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Organizers Of March For Our Lives Working To Find New Location For Rally


Gun control advocates hoped to stage a massive demonstration on Washington's National Mall later this month. But the Mall was already booked, and the student organizers of the event were forced to find a different location in the nation's capital. Mikaela Lefrak of member station WAMU reports.

MIKAELA LEFRAK, BYLINE: The March For Our Lives student organizers applied for a permit on the National Mall only to be told no. A student group filming for a talent show had already applied for a permit in the same place. The Mall is managed by the National Park Service, and spokesman Mike Litterst says they award permits on a strictly first-come, first-served basis.

MIKE LITTERST: Because the March For Our Lives came in second, we worked with them to find another location.

LEFRAK: That new location is nearby on a stretch of Pennsylvania Avenue under local D.C. jurisdiction. Jeffrey Carroll is an assistant chief with D.C. police. He says they're already having regular meetings with the march organizers to get ready for busloads of demonstrators to come into the city.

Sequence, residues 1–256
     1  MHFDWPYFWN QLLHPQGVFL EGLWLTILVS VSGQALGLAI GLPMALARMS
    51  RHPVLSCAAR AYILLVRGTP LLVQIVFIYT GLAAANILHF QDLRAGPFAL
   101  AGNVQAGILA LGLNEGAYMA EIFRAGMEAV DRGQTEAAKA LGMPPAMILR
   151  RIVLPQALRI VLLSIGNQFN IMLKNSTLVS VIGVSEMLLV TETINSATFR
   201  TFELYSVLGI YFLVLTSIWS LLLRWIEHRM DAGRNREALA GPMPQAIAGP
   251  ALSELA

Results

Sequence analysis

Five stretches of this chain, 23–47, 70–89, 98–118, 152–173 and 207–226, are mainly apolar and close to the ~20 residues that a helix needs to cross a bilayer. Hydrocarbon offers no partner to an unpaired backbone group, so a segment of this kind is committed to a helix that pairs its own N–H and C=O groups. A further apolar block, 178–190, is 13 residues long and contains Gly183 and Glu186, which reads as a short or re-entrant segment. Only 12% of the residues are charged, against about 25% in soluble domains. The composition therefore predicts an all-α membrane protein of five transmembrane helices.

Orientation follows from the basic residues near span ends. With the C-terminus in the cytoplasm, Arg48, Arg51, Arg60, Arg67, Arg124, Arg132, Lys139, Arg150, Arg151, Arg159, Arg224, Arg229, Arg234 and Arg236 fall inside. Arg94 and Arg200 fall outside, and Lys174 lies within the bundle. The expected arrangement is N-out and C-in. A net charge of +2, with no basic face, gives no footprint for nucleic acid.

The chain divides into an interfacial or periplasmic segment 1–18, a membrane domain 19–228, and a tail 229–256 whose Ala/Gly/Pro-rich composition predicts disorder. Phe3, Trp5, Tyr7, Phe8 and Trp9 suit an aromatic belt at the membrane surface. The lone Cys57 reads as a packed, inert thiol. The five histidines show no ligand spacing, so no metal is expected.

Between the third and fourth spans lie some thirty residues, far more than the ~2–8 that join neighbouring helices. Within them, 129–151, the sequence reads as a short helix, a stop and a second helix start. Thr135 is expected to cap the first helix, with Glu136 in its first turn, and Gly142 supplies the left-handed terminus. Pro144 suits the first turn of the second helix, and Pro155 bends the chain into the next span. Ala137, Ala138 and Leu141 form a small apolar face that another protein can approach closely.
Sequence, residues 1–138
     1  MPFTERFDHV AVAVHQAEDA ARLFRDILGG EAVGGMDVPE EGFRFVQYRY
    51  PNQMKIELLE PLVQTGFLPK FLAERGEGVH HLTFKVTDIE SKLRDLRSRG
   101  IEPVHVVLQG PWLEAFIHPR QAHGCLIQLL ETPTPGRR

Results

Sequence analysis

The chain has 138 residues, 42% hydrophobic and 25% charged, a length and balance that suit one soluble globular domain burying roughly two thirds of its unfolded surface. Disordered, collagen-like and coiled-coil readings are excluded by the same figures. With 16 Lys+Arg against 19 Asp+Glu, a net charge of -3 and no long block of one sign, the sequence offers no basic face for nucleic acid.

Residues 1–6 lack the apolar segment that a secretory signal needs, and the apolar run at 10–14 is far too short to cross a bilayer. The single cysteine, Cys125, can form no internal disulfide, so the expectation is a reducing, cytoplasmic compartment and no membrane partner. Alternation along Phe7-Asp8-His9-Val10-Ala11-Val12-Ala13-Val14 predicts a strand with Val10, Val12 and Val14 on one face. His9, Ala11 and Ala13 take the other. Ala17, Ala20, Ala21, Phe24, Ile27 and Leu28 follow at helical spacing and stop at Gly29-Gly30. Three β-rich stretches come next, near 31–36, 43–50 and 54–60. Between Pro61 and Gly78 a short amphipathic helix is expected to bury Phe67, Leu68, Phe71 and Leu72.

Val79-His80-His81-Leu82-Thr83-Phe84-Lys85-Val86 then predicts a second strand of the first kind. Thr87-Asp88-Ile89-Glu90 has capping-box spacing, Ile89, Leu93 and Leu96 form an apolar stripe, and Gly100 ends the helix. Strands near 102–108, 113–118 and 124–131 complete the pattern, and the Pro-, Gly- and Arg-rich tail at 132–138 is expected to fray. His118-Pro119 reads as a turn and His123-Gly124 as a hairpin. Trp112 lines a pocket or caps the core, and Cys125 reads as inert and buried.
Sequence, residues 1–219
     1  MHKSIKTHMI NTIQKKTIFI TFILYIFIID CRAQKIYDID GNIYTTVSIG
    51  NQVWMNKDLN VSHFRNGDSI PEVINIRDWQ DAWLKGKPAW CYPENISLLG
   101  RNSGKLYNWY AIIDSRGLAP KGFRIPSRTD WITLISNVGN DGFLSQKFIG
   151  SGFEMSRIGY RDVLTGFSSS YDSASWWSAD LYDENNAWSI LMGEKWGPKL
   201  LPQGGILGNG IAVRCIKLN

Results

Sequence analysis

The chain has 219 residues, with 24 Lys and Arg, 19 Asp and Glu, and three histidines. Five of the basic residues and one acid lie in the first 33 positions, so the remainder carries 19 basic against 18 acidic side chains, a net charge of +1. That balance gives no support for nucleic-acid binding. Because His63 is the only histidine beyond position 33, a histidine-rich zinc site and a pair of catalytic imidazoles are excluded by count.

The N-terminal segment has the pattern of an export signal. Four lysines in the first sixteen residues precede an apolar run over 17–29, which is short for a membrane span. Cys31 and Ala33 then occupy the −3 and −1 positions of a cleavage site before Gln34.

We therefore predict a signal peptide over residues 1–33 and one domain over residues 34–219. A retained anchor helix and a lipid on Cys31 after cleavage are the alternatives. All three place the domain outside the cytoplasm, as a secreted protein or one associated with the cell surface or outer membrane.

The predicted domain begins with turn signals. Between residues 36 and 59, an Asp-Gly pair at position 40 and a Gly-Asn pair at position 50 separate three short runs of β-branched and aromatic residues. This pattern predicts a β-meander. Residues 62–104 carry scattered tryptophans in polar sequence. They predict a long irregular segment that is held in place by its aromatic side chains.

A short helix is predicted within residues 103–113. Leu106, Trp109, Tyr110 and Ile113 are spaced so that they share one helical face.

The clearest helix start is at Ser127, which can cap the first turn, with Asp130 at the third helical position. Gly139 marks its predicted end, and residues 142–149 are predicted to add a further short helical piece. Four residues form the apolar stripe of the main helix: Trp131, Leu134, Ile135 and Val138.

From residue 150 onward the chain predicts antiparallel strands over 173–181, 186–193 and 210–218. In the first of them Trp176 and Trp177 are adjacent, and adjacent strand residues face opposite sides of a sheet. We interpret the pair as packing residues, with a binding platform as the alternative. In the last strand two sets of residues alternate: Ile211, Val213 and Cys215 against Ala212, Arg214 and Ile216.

JEFFERY CARROLL: Our goal is to allow them to have a successful First Amendment demonstration to keep everyone safe who'll be there to exercise their First Amendment right.

LEFRAK: The Washington, D.C., event is the headliner in a series of rallies planned for March 24. According to the original permit application, organizers expect 500,000 people to attend. The Park Service's Mike Litterst says even if the crowds spill over onto the National Mall or march to the White House, the city will be ready.

LITTERST: This is far from the first time that there has been an event this size, so we are certainly well versed with all the different entities that are involved. We work with them together regularly.

LEFRAK: Student survivors of the killings at Marjory Stoneman Douglas High School in Florida are organizing the event. For NPR News, I'm Mikaela Lefrak in Washington.

(SOUNDBITE OF DO MAKE SAY THINK'S "BOUND") Transcript provided by NPR, Copyright NPR.

Mikaela Lefrak is WAMU’s Arts and Culture reporter. Before moving into that role, she worked as WAMU’s news producer for Morning Edition.